Do I Need a Paring Knife?

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The Spruce Eats / Zackary Angeline

Paring knives are a kitchen essential. These small knives are great for making precise cuts, peeling fruit and vegetables, or swirling garnishes behind the bar. The small blades make quick work of trimming seafood, cutting up a carrot, or peeling potatoes.

With blades running approximately four inches in length, they’re petite knives that pack up easily if you’re on the go. Best of all, paring knives are often inexpensive, so if you’re looking to build out your knife collections, a paring knife is a great place to start. Curious about adding one to your kitchen drawer? Here’s everything you need to know about paring knives.

How do you use a paring knife?

They’re great for deveining shrimp, cutting the tops off strawberries, or carefully removing bones from a fish. Outside of more serious tasks, paring knives are perfect for those inconsequential kitchen tasks, like peeling a clove of garlic or halving a lemon. Essentially, it’s one of the most important knives in your arsenal, and can be used for most kitchen tasks. 

Tojiro DP Gyutou

The Spruce Eats / Prairie Rose

How do I take care of my paring knife?

Sharpen your knives when necessary to ensure the edge doesn’t get dull. Replace your knives when needed—if the blade is dull beyond repair or broken, it’s time to say goodbye. Luckily, paring knives tend to be relatively inexpensive.

How much should I spend on a paring knife?

That may depend on what your budget allows. We will say that there are plenty of cheap paring knives that will last years in your kitchen. If you are geeky about knives, higher-end Japanese knives will never serve you wrong. That said, it’s all about how much you’d like to spend, and what time you’re willing to put into upkeep. (Keep in mind, while pricier Japanese paring knives will work beautifully, they do require more care to maintain that quality.)

Zyliss Paring Knife with Sheath Cover

The Spruce Eats / Prairie Rose

Do I buy a serrated or a straight paring knife?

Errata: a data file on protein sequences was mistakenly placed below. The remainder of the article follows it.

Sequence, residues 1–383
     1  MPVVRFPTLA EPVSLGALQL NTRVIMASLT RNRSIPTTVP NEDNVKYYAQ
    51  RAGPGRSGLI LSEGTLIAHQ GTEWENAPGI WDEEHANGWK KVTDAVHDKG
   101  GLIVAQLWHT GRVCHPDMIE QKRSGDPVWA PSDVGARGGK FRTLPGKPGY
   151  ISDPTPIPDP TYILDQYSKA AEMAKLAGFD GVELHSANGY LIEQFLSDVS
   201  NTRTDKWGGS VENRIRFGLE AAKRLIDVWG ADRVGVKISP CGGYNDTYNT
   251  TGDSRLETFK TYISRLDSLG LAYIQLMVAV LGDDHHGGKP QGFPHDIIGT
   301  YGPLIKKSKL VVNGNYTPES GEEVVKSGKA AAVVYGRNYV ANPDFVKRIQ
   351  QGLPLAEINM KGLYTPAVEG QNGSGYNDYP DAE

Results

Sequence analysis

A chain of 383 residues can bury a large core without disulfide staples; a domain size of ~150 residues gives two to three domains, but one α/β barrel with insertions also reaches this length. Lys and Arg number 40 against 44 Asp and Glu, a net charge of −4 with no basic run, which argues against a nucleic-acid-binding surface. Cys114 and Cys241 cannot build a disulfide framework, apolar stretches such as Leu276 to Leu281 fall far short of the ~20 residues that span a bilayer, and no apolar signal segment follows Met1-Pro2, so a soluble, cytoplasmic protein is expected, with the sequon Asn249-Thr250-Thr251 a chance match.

They can come in several different blade styles, including spear point, bird’s beak, sheep’s foot, serrated, or clipped. All offer different benefits. Serrated knives have those slight curves to lock and pierce into the surface of a food, making it easier to get into what’s inside. These knives are ideal for slicing through tomato skins, cutting through citrus for wedges, wheels, or peels, or splitting an avocado skin. On the flipside, curved paring knives offer more precision, but are less adept at cutting through tougher surfaces. These knives come in handy with pastry dough, scoring bread, or halving berries.

Made In Paring Knife

Made In Cookware 4-inch Full Tang Paring Knife

Made In

What it’s best for: Your go-to paring knife

Taking inspiration from both German and Japanese craftsmanship, this long-lasting knife is hand crafted from stainless steel by 5th-generation bladesmiths in France before being hardened with nitrogen gas to give the piece a strong finish. Measuring just under 4 inches in length, it’s smaller in size, allowing you to tackle everyday kitchen tasks like peeling, coring, and chopping, while still being easy to maneuver thanks to a lightweight and precise blade.

Zyliss 3.5-Inch Paring Knife with Sheath Cover

Zyliss 3.5-Inch Paring Knife with Sheath Cover


What it’s best for: Your paring knife on the go

Yes, this is a budget-paring knife and barely costs more than a $10 bill. But while it’s lesser in price, this cost-friendly paring knife has many features to appreciate. The handle has soft rubber inserts, making it easy to hang onto, even if your hands are slippery or wet. The carbon steel blade holds sharpness easily and feels sturdy in your hand.

We love the included sheath—it allows you to pack the knife to go, whether that’s on a picnic, to slice up fruit at work, or camping. The sheath protects you from nicking your hand or cutting open the other contents of your bag. (Plus, the knife is inexpensive so if you lose it, you can replace it without too much worry.)

Is a paring knife worth it?

Consider the paring knife a kitchen jack of all trades. The small knife is versatile enough to make it the first knife you reach for in many situations, whether you’re prepping cocktail garnishes, peeling root vegetables, or chopping up shallots or garlic. 

The main question when purchasing a paring knife is not if you need a paring knife, it’s how much you’d like to spend. Are you a knife nerd who wants to add a higher-end new knife to your repertoire? Or are you looking for an easy, affordable knife for easy cutting? Out of these two mentioned here, you may have found your next most used kitchen utensil. 

do i need a paring knife?

The Spruce Eats / Renu Dhar

Why Trust The Spruce Eats

Kate Dingwall is an experienced wine writer and working sommelier, who has her BarSmarts and WSET certification. She has been writing about the bar, spirits, and food worlds for eight years, including extensive coverage on kitchen tools and how to use them..